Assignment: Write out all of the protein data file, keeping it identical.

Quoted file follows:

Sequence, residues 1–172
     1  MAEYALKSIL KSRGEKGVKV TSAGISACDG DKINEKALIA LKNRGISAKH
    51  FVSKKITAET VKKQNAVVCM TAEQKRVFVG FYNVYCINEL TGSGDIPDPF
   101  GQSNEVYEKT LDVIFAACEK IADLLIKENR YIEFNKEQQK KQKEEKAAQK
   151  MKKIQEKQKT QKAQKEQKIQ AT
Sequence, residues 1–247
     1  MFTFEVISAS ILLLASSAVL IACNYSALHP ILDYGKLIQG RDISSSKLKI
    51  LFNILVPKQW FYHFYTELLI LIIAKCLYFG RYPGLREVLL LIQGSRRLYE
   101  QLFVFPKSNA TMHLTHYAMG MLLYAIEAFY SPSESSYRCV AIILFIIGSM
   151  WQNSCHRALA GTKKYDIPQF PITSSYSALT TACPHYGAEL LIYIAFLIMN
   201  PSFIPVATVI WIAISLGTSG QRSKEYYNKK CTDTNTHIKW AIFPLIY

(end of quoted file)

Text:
Sequence, residues 1–172
     1  MAEYALKSIL KSRGEKGVKV TSAGISACDG DKINEKALIA LKNRGISAKH
    51  FVSKKITAET VKKQNAVVCM TAEQKRVFVG FYNVYCINEL TGSGDIPDPF
   101  GQSNEVYEKT LDVIFAACEK IADLLIKENR YIEFNKEQQK KQKEEKAAQK
   151  MKKIQEKQKT QKAQKEQKIQ AT
Sequence, residues 1–247
     1  MFTFEVISAS ILLLASSAVL IACNYSALHP ILDYGKLIQG RDISSSKLKI
    51  LFNILVPKQW FYHFYTELLI LIIAKCLYFG RYPGLREVLL LIQGSRRLYE
   101  QLFVFPKSNA TMHLTHYAMG MLLYAIEAFY SPSESSYRCV AIILFIIGSM
   151  WQNSCHRALA GTKKYDIPQF PITSSYSALT TACPHYGAEL LIYIAFLIMN
   201  PSFIPVATVI WIAISLGTSG QRSKEYYNKK CTDTNTHIKW AIFPLIY